There are few letters in the mail that can make your stomach turn like an IRS notice. Unfortunately, scammers have figured out how to take advantage of this fear by sending fake letters claiming to be from the IRS because they know they will get people’s attention.
For that reason, it is critical to verify any notice or letter you receive from the IRS is actually from the IRS. Otherwise, you risk giving your personal information to someone committing fraudulent activities.
Here’s what you need to know about how to tell if your IRS notice or letter is real.
What Are the Reasons the IRS Will Send a Notice or Letter?
The IRS corresponds with taxpayers via U.S. mail for a number of reasons, usually before they initiate any other form of contact. If you get a notice or letter saying it’s from the IRS, chances are good that it’s real, but you’ll still want to follow the steps in this guide to be sure.
Here are a few reasons the IRS will send you a notice or letter:
- If you have a balance due, the IRS might send a CP14, CP501, CP503 or CP504 notice.
- If the refund you are due turns out to be larger or smaller than the one you claimed on your tax return, the IRS will notify you via a CP12 notice.
- If the IRS needs to verify your identity before it can process your tax return, it will inform you by sending a 5071C, 5747C, 6331C or 5447C letter.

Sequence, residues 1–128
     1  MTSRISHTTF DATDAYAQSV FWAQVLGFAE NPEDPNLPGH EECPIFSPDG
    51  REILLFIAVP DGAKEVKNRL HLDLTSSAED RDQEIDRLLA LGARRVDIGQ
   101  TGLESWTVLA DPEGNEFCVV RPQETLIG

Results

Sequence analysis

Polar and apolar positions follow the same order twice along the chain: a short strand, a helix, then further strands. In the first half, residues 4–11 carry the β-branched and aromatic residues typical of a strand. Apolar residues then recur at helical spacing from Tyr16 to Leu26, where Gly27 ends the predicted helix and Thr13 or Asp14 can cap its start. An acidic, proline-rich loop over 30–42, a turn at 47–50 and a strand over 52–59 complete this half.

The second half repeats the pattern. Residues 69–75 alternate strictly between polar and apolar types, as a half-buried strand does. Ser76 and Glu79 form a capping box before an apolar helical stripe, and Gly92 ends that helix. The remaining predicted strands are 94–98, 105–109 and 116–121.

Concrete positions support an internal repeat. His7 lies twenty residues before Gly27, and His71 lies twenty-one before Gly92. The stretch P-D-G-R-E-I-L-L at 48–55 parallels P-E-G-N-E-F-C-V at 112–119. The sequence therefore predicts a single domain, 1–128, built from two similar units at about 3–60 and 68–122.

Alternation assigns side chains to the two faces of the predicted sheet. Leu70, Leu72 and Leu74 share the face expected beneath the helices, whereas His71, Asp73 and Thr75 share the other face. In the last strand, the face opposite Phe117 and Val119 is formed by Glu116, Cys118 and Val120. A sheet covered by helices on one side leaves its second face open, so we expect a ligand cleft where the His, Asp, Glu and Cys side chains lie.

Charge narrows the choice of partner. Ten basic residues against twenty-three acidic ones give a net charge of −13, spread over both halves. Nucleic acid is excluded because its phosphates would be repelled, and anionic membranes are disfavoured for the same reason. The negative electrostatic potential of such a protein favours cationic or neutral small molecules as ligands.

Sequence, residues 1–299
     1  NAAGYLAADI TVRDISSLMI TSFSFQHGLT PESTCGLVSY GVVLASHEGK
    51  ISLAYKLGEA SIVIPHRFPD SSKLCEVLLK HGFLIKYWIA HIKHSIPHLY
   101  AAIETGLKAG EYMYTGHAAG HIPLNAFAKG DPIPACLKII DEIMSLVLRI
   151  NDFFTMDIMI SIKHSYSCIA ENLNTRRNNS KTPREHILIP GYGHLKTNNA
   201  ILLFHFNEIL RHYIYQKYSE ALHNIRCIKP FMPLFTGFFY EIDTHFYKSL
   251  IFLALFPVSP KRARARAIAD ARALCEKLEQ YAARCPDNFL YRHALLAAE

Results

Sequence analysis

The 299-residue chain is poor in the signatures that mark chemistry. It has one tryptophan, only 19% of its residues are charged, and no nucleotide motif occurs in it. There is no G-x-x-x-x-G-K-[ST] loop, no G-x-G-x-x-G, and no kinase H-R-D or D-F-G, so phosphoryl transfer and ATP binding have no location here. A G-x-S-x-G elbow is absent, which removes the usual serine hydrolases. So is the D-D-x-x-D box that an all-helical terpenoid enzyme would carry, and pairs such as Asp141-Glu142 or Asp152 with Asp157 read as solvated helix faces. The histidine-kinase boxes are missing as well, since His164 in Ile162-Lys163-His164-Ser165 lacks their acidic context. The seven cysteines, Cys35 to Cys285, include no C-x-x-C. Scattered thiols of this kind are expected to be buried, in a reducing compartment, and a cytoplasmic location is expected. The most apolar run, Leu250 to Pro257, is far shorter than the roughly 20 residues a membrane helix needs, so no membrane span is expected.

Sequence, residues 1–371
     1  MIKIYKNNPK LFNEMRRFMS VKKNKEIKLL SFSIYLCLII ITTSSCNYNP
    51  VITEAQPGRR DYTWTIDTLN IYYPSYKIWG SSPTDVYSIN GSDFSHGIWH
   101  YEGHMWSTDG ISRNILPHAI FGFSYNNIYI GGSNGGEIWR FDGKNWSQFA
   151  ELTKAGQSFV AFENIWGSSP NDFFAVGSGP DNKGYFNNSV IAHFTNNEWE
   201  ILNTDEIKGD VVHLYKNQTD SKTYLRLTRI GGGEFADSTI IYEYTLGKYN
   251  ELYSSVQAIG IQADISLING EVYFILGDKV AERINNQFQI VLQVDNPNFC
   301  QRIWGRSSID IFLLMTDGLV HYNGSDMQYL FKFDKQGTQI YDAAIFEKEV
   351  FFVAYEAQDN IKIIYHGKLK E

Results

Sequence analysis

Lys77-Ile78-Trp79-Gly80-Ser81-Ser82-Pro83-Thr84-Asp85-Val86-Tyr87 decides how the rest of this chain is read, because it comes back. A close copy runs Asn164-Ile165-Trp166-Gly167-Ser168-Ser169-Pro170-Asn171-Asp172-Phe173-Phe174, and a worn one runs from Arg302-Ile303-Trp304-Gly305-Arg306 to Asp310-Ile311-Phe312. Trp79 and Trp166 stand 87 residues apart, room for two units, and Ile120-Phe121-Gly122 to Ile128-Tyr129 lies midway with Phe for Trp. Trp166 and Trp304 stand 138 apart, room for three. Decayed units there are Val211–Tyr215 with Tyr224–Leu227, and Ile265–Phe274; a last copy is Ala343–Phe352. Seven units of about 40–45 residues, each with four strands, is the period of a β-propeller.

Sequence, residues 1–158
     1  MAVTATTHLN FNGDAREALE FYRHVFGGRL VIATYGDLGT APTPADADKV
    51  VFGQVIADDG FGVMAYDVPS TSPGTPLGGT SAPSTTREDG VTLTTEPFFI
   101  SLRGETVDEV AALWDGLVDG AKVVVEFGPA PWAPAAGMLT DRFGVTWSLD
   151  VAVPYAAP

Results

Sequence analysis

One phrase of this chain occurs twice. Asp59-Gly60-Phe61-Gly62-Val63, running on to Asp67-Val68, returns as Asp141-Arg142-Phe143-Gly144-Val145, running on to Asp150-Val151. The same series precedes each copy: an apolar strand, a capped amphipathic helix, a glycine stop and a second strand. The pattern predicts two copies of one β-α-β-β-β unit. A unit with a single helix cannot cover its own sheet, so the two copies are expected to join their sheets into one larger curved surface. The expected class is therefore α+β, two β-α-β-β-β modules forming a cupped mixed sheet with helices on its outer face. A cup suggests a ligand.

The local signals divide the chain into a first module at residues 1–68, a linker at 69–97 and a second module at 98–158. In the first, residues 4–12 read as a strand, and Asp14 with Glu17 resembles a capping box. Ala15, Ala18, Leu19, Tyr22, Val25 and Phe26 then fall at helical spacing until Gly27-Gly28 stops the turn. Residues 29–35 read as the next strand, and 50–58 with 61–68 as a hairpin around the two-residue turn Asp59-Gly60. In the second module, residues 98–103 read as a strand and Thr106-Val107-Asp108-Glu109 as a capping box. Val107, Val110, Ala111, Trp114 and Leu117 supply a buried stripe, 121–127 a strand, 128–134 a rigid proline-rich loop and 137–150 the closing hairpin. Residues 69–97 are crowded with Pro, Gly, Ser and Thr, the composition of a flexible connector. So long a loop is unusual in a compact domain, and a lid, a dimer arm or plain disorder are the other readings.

- If the IRS determines that you have an unfiled tax return from a prior year, it will send you a CP80 notice.
- If there will be a delay in processing your tax refund, the IRS will let you know via a 707C letter.
When you receive a notice or letter from the IRS, you can visit the Understanding Your IRS Notice or Letter page on the official IRS website and search for your notice or letter number to find additional information and instructions.
How Do You Identify That a Notice or Letter Is From the IRS?
Legitimate IRS logos always contain a few specific characteristics. The IRS logo is featured prominently, usually in the top left corner of the letter. The letter will also contain several pieces of information that identify you, such as your truncated Social Security number, your tax balance and the tax year in question.
It will also have a section explaining your rights as a taxpayer, as well as a toll-free number you can call for questions. When you call the number, the IRS representative who takes your call will never phish for personal information over the phone.
What Are the Signs an “IRS” Notice or Letter Is Fake?
Scammers often make one or more mistakes in trying to replicate a legitimate IRS letter.
Keep an eye out for the following:
- The IRS logo is missing.
- The letter references a tax return you never filed.
- The letter features typos and grammatical errors.
- The letter threatens jail time if you don’t respond.
- The letter asks you to remit payment in the form of a gift card or prepaid debit/credit card.
- The letter does not arrive in a government envelope stamped with the IRS logo.
What Is the IRS Phone Number to Verify Your Notice or Letter Is Real?
How Do You Report a Fake IRS Notice or Letter Scam?
If you receive a notice or letter stating that it’s from the IRS and you determine that it’s a scam, you should report it to the Treasury Inspector General for Tax Administration (TIGTA). The TIGTA U.S. Treasury website has a page dedicated to reporting scams. You can also email [email protected] to report a fake IRS notice or letter.
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